Rhenny's Blog:  http://community.wizards.com/user/1497701/blog

 

 

Good point, I think for a rule it would be good to either have a Con check of some kind, or maybe a Int/Wis check.  The real question would be how to set the DC.
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Good point, I think for a rule it would be good to either have a Con check of some kind, or maybe a Int/Wis check.  The real question would be how to set the DC.

If the damage was just a scratch (less than 6 hp) maybe just a DC 10. If the damage was greater maybe a DC 15. To tell the truth, I'd probably just roll and then decide if the roll seems good enough to work. Sometimes when I roll dice and roll a 1,2,3,4,5 (low numbers) it doesn't matter what I set the DC at...I know it is a failure.

A Brave Knight of WTF - "Wielder of the Sword of Balance"

 

Rhenny's Blog:  http://community.wizards.com/user/1497701/blog

 

 

Yeah, but if there were to be a hard written rule (like to apply to players) there would need to be a mechanic (again going with the critiquing the RAW thing) ....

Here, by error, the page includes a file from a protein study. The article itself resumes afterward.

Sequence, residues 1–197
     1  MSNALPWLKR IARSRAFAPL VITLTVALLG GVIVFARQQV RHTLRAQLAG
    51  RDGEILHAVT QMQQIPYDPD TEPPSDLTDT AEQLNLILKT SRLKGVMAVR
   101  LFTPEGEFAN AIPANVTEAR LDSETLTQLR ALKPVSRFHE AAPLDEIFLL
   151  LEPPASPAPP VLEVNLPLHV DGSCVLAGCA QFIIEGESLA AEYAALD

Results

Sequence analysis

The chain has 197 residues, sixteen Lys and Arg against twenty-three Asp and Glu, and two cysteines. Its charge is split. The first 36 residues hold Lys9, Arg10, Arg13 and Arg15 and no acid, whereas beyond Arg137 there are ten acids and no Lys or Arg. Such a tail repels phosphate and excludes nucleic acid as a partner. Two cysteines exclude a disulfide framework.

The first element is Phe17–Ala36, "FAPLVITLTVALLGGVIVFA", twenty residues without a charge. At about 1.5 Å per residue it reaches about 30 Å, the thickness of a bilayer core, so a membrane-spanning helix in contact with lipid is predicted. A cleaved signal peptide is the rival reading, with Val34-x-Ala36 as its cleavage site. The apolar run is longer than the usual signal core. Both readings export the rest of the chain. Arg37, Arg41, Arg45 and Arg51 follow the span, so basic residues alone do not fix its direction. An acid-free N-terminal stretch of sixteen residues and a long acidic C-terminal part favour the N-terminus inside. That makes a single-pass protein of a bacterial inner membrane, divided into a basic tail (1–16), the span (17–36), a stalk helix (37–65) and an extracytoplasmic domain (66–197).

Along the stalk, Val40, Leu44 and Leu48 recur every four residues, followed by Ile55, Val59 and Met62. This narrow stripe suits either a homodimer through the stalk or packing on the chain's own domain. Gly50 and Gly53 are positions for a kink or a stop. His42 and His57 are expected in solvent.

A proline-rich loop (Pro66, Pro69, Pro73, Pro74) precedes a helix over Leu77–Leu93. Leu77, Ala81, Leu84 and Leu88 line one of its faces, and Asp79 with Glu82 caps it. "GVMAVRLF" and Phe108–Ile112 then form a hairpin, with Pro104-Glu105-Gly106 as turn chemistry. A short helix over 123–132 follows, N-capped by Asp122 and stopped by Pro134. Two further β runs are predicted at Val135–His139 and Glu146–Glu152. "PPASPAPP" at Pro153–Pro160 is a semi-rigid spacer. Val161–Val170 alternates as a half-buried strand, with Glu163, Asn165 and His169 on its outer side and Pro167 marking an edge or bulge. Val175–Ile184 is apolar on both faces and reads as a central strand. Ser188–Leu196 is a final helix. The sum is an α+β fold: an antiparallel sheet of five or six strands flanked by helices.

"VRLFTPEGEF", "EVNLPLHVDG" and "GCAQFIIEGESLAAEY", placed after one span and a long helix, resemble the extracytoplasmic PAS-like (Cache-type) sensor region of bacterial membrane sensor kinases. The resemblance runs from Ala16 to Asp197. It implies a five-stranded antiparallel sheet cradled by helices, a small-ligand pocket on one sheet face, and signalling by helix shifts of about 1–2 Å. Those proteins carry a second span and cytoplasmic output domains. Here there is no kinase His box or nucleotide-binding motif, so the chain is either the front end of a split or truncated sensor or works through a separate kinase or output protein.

If    you    
take    damage    while    you    are    casting    a    spell    that    
requires    more    than    a    single    action    or    reaction,    
you    must    succeed    on    a    Constitution    saving    throw    
to    continue    casting    the    spell.    The    DC    equals    half    
the    damage    you    just    took.    If    you    take    damage    
from    multiple    sources,    such    as    from    an    arrow    
and    a    dragon’s    breath,    you    make    a    saving    throw    
against    each    source    of    damage    separately.    If    you